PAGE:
• The air present in the soil is taken up from roots.
  • In stems, from either stomata or lenticels, the exchange of gases takes place.

Respiration in animals:

respiratory organs of animals

  • In simple unicellular animals like Amoeba, respiration takes place by the simple diffusion of gases through the cell membrane.
  • Earthworms use their skin to absorb oxygen from air and release carbon dioxide. So, skin is the respiratory organ in the earthworm.
  • Fish, prawns and mussels are the aquatic animals which have gills as the respiratory organs. Gills absorbs oxygen dissolved in water and releases carbon dioxide out of the body.
  • In the insects like grasshopper, cockroach, housefly and a mosquito, the tiny holes called spiracles on their body and the air tubes called tracheae are the respiratory organs.
  • The land animals such as man (humans), birds, lizard, dog and frog etc. respire through the lungs. However, Frogs breathe both by lungs and skin.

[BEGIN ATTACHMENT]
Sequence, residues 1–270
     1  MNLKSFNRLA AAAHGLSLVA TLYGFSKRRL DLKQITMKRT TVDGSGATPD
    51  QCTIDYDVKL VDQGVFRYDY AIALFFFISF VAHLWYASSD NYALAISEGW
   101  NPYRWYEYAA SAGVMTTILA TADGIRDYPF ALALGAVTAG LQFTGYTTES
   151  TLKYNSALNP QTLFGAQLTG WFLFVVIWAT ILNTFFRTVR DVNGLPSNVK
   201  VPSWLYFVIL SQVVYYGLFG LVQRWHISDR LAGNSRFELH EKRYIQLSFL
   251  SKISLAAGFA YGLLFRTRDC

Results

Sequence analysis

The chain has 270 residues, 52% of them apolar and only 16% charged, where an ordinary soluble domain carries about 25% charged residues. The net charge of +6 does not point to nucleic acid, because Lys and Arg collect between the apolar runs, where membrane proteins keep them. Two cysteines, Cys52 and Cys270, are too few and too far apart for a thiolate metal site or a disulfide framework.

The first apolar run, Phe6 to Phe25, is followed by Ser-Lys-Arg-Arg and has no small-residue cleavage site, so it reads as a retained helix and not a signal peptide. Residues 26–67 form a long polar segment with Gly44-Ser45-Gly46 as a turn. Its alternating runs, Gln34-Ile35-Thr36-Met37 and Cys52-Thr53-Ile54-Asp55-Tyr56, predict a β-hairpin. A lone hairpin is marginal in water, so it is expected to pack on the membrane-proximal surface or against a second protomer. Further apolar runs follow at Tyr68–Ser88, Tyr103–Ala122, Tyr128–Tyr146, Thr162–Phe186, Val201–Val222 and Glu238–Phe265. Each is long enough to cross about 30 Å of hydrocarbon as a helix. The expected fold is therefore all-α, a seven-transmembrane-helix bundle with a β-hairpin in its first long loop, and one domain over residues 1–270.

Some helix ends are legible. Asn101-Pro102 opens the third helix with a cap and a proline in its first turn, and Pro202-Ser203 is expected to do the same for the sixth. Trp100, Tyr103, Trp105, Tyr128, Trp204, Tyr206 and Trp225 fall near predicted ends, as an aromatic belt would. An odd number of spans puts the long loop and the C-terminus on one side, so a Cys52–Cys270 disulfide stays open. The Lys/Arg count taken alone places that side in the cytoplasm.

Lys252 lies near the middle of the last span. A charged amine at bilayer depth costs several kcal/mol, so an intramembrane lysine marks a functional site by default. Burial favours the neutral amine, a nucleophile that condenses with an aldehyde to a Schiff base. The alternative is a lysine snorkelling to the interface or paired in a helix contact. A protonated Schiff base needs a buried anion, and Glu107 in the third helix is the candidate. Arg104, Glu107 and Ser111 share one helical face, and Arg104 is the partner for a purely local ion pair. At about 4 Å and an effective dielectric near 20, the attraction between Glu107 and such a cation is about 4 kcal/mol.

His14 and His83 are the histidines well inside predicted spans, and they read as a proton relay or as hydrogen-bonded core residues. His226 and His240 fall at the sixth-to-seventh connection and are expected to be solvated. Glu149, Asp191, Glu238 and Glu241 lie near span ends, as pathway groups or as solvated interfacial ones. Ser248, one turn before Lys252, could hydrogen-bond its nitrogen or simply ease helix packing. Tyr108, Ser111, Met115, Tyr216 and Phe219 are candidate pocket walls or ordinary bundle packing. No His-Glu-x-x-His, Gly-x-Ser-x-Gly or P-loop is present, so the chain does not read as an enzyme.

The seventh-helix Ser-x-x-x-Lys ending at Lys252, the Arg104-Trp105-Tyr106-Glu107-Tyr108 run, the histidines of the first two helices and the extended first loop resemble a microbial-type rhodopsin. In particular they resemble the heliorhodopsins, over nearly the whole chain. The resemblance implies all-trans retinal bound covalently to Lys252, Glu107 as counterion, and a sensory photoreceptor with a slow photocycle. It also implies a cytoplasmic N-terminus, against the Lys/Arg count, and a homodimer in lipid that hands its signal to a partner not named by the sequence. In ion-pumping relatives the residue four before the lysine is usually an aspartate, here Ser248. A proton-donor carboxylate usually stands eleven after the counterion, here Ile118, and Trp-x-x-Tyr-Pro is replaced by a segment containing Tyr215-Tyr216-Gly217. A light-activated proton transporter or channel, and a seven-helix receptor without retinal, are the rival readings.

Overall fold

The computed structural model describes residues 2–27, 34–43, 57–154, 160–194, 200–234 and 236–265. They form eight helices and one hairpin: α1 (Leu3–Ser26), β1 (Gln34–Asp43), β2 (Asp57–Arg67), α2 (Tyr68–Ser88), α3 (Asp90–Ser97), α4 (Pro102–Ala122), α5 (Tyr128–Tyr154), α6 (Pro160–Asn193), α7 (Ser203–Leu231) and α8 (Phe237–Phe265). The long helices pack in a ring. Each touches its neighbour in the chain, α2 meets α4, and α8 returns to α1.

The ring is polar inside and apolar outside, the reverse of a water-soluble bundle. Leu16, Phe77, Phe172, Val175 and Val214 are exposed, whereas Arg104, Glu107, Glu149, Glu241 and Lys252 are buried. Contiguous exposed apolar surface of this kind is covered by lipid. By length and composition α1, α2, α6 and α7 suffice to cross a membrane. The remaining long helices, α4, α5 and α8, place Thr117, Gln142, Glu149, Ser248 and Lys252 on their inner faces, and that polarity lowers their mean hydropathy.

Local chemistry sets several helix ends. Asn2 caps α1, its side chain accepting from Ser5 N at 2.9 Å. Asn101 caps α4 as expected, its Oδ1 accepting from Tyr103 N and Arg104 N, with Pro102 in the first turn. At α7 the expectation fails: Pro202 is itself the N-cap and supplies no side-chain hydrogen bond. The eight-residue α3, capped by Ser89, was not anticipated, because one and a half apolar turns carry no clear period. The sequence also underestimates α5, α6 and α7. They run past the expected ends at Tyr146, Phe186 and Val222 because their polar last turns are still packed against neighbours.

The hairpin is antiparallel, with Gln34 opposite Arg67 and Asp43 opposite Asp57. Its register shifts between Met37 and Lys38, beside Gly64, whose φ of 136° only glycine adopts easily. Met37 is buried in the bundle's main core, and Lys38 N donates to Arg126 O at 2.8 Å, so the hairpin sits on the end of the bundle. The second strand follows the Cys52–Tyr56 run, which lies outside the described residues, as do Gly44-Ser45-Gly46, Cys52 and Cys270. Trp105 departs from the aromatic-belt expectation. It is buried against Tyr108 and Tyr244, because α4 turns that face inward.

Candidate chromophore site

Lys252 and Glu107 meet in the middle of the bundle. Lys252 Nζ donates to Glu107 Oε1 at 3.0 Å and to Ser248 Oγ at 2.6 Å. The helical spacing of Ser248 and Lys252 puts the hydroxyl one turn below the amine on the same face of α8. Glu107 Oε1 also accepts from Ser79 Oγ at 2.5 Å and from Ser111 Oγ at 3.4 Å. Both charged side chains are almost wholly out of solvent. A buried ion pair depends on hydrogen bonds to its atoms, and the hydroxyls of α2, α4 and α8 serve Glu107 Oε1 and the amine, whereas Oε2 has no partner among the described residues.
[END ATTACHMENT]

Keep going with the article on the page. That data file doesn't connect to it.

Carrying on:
Human Respiratory System:

human respiratory system

The respiratory system in human beings consists of the nose, pharynx, larynx, trachea, bronchi, alveoli and pair of lungs.

  • Air enters the body through nostrils.
  • The air passing through the nostrils is filtered by fine hairs present inside the nostrils.
  • Nostrils are also lined with mucus which prevents dust particles to enter inside.
  • From here, it goes to pharynx which is a common passage for both the respiratory and digestive system. After that, it moves into the larynx (voice box).